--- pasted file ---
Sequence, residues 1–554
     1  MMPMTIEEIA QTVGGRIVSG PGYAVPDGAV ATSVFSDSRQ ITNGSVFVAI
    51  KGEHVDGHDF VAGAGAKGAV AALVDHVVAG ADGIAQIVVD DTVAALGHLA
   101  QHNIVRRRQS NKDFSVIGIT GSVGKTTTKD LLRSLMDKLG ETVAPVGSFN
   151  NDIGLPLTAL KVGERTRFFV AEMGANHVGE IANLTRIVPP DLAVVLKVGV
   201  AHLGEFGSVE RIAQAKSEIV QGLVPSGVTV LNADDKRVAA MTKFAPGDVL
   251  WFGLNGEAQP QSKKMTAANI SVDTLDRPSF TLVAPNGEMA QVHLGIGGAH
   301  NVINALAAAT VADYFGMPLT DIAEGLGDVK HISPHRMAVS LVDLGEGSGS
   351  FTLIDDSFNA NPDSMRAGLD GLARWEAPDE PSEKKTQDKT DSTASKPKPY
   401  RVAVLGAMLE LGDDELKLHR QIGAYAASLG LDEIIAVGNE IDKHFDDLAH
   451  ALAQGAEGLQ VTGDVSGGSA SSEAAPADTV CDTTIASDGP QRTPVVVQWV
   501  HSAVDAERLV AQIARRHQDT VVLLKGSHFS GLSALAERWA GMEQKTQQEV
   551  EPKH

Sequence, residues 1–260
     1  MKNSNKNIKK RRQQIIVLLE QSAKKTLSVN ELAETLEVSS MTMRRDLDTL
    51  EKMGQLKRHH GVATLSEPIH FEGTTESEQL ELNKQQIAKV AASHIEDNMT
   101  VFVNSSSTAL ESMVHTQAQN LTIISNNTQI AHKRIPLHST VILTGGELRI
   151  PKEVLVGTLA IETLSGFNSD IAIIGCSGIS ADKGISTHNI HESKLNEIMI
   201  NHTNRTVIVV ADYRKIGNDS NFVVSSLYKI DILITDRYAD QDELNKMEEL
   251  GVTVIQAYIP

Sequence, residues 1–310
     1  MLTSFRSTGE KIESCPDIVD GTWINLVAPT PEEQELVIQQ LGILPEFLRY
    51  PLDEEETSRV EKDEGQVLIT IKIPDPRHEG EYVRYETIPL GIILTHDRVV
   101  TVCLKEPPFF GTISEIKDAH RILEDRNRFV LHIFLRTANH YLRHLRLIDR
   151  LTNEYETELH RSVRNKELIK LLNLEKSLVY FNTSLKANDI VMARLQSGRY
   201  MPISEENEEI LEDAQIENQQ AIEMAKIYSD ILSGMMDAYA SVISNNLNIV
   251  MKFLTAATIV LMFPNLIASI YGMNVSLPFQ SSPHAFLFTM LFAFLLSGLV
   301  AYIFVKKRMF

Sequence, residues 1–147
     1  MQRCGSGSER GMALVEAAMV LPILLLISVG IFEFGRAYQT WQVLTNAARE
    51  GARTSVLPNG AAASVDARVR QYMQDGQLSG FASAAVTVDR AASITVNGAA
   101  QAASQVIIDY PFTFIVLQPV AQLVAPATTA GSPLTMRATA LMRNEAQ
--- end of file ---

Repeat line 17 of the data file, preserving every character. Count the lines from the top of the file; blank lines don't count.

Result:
   101  VFVNSSSTAL ESMVHTQAQN LTIISNNTQI AHKRIPLHST VILTGGELRI